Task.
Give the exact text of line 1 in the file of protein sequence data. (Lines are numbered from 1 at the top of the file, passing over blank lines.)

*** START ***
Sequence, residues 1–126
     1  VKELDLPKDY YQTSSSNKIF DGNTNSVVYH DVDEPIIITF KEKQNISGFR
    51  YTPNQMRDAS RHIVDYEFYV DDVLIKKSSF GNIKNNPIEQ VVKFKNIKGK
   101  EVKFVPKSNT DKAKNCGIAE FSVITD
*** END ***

Sequence, residues 1–126